Larry could use a better compass.


From the Larry Gets Lost series

As Larry Gets Lost again per series formula, the dog and his boy, Pete, look for alphabet letters and explore New York City.

The sights they take in are sometimes specific and sometimes generic, but they are mostly iconic: “C is for Central Park and the Chrysler building,” while “D is for deli.” “W is for Wall Street,” and “Y is for Yankee Stadium” exemplify New York City, but “I is for ice cream” seems a bit of a stretch. Several entries will require some context for many readers, such as “A is for art” (a lineup of Warhol soup cans at the Museum of Modern Art); “H is for the High Line”; and “V is for the Village” (Greenwich Village, that is). In Skewes’ retro-styled illustrations, Pete is a white boy who looks a bit like Elroy Jetson, with hair puffing out from beneath the brim of a baseball cap, and Larry is similarly stylized. The mostly silhouetted background figures that occasionally appear do nothing to convey the city’s tremendous cultural diversity. The pages are largely just one- or two-color designs in a sophisticated palette that occasionally works against meaning: The blue-on-blue “N is for neon at night” (in Times Square) is devoid of neon. The square size makes the pages feel cramped. NY Is for New York, by Paul Thurlby (2017), does much the same thing and is far more attractive.

Larry could use a better compass. (Picture book. 5-7)

Pub Date: Aug. 7, 2018

ISBN: 978-1-63217-167-2

Page Count: 32

Publisher: Little Bigfoot/Sasquatch

Review Posted Online: April 16, 2018

Kirkus Reviews Issue: May 1, 2018

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A bland also-ran trailing a large litter of like-themed pups.


From the First Discoveries series

A photo album of young wolves running, playing, and growing through their first year.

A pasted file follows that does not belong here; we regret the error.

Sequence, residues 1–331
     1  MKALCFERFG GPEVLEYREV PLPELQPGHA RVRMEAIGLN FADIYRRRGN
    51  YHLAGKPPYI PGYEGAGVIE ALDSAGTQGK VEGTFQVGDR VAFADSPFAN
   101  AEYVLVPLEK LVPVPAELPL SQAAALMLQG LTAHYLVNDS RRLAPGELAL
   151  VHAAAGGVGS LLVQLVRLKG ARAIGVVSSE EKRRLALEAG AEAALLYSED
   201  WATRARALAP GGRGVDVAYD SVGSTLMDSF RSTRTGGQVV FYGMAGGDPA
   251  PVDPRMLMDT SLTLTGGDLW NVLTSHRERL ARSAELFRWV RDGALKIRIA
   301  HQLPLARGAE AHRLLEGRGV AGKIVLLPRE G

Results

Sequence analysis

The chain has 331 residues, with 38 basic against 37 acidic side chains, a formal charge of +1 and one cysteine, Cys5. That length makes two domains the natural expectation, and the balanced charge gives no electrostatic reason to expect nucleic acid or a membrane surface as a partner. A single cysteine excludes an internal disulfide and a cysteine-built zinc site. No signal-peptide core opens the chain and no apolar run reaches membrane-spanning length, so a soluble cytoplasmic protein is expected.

Light on factual details, the uncredited text largely runs to vague observations along the lines of the fact that “young wolves need to rest every now and then” or that packs “differ in size. Some are large and have many wolves, while others are small with only a few.” The chief draws here are the big, color, stock photos, which show pups of diverse ages and species, singly or in groups—running, posing alertly with parents or other adult wolves, eating (regurgitated food only, and that not visible), howling, patrolling, and snoozing as a seasonal round turns green meadows to snowy landscapes. In a notably perfunctory insertion squeezed onto the final spread, a wildlife biologist from the American Museum of Natural History introduces himself and describes his research work—all with animals other than wolves. Budding naturalists should have no trouble running down more nourishing fare, from Seymour Simon’s Wolves (1993) to Jonathan London’s Seasons of Little Wolf (illustrated by Jon Van Zyle, 2014) and on. Baby Dolphin’s First Swim follows the same formula even down to profiling exactly the same wildlife biologist.

A bland also-ran trailing a large litter of like-themed pups. (Informational picture book. 5-7)

Pub Date: June 6, 2017

ISBN: 978-1-4549-2237-7

Page Count: 32

Publisher: Sterling

Review Posted Online: April 26, 2017

Kirkus Reviews Issue: May 15, 2017

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Good advice and good reading practice rolled into one.


From the My First series

Kitten care presented early-reader style.

“Something soft and furry / Is coming home with me. // It is my new kitten. / She is as sweet as can be!” First-person, easy-reading text describes meeting the kitten, feeding the kitten, playing with the kitten, then taking it to the vet and keeping it safe. The first half of this volume is presented in rhyme with Wachter's photos of real children of various races and their kittens (always the same kitten-and-child pairings) imposed on simple cartoon backgrounds. On other pages, photos of kittens (all cute as the dickens) leaping, scratching, running, and sleeping appear against similar backgrounds. The second half reiterates the same information but in more detail. It passes on instructions in simple language for tasks like introducing a kitten to its litter box and interpreting the sounds and body language of your new furry friend. Jumping the species barrier, Biscuit creator Capucilli does a fine job of instructing young, new pet owners in the care of their wee feline friends in this companion to My First Puppy (2019). This helpful guidebook ends with a message encouraging aspiring young pet friends to adopt from shelters. (This book was reviewed digitally with 9-by-12-inch double-page spreads viewed at 85.7% of actual size.)

Good advice and good reading practice rolled into one. (Early reader. 5-7)

Pub Date: Dec. 8, 2020

ISBN: 978-1-5344-7754-4

Page Count: 32

Publisher: Simon Spotlight

Review Posted Online: Oct. 13, 2020

Kirkus Reviews Issue: Nov. 1, 2020

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